Picks and Pans Review: Streamers

updated 10/24/1983 AT 01:00 AM EDT

originally published 10/24/1983 AT 01:00 AM EDT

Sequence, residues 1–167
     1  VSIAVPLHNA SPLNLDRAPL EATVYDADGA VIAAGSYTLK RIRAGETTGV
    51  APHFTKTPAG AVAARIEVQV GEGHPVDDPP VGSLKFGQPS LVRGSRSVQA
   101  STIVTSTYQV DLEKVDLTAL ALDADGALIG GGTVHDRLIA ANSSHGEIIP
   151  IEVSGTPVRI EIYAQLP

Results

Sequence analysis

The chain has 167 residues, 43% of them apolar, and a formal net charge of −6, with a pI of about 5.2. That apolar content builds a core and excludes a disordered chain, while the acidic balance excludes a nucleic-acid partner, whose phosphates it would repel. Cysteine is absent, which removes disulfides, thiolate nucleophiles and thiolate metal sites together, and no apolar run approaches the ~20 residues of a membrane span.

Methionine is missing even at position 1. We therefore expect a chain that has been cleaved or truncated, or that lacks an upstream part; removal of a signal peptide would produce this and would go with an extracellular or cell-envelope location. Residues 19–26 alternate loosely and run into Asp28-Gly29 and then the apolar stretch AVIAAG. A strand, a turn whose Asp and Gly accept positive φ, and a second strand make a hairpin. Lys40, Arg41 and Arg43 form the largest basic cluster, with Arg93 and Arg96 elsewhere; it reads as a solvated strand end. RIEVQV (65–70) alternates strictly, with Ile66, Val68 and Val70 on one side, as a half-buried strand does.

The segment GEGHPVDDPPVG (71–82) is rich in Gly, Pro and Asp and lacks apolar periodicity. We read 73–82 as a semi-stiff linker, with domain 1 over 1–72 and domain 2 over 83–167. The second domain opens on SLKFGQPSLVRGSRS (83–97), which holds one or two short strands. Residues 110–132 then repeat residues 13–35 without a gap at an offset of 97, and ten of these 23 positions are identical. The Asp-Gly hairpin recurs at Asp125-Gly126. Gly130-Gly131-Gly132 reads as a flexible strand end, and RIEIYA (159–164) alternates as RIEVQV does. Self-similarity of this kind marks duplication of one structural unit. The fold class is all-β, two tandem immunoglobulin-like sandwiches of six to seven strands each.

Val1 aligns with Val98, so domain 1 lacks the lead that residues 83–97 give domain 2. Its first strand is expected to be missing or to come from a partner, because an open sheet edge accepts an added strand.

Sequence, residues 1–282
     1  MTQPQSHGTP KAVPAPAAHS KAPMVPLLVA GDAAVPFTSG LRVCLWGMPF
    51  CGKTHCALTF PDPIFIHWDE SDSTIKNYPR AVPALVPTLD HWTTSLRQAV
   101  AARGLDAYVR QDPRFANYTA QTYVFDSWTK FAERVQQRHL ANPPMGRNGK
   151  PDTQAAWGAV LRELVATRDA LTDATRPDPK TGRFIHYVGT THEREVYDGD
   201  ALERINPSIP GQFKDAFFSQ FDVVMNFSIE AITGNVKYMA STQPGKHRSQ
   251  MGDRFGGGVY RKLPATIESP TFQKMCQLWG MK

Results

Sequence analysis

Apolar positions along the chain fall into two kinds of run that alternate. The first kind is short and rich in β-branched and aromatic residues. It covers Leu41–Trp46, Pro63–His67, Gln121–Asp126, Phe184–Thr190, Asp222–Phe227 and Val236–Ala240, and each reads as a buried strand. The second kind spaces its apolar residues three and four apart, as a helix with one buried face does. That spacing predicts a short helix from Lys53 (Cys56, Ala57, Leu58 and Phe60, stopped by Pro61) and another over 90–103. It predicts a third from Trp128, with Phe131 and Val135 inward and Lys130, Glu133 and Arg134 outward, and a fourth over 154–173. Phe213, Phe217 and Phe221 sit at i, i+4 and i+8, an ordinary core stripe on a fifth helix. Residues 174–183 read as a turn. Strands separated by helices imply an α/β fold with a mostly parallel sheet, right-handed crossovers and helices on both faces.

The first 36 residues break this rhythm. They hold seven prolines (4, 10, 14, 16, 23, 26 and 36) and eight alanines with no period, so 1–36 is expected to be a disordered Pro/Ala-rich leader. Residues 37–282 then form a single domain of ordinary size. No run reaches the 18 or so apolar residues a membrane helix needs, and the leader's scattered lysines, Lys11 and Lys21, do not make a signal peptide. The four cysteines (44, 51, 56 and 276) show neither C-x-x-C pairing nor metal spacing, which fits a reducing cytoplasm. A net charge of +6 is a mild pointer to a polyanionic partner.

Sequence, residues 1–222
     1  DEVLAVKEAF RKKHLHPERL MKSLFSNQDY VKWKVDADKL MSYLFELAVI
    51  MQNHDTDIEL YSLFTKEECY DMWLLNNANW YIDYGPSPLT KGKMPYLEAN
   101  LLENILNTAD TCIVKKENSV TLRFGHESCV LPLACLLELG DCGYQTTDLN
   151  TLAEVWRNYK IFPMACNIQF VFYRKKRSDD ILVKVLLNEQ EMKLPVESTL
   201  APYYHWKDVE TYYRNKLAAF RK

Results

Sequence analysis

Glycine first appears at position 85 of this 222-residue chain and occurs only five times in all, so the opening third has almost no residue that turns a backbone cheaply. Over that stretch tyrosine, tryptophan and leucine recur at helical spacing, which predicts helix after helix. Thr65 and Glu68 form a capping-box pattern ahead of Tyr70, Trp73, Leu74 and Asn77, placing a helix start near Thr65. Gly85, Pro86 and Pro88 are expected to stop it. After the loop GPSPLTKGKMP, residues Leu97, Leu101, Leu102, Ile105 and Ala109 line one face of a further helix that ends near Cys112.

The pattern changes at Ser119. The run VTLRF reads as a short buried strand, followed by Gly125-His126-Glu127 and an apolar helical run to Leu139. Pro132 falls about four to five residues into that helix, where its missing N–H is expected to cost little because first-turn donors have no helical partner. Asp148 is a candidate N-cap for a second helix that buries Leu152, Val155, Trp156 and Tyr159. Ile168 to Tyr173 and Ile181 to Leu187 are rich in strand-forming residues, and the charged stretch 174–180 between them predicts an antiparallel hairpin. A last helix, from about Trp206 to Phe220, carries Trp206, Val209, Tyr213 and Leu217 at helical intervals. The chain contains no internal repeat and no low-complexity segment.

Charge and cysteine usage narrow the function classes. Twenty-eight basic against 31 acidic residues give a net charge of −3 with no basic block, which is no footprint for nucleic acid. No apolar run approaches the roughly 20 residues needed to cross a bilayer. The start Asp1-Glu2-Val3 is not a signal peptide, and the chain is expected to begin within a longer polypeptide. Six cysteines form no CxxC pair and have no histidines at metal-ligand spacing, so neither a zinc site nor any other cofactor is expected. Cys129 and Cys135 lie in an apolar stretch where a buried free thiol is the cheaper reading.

Robert Altman, who directed some of the finest films of the last 15 years, including M*A*S*H and Nashville, recently has come perilously close to has-been status. He has not made a commercially or critically successful picture since 1977's 3 Women; anyone remember Health? All that makes Streamers seem the more overwhelming; in 118 minutes, Altman makes up for almost every lapse of the past six years. He modeled the film closely on David Rabe's 1976 play about four soldiers preparing to go to Vietnam. With less than $1 million, Altman limited himself to a single set, a stark basic-training barracks. But that limitation proves a virtue. Indeed, Altman enhances Rabe's psychodrama with superb camerawork, tight editing and stunning performances from his relatively unknown actors. After auditioning hundreds of men, Altman picked Mitchell (The Lords of Discipline) Lichtenstein as a homosexual recruit who is alternately vilified, kidded and propositioned by the other three: Michael (The Wanderers) Wright, Matthew (Private School) Modine and David Alan Grier, best known for his role as Jackie Robinson in Broadway's The First. They are all superb in grueling roles that encapsulate the traumatic effects Vietnam had on this country. (Two drunk sergeants, played by George Dzundza and Guy Boyd, provide comic relief.) The disturbing realism of the story and its violent conclusion will, however, keep this film from becoming as popular as M*A*S*H. As Altman said not too long ago, "That film was 1969. I'm telling the same war story now, but it just isn't funny anymore." (Rating R)

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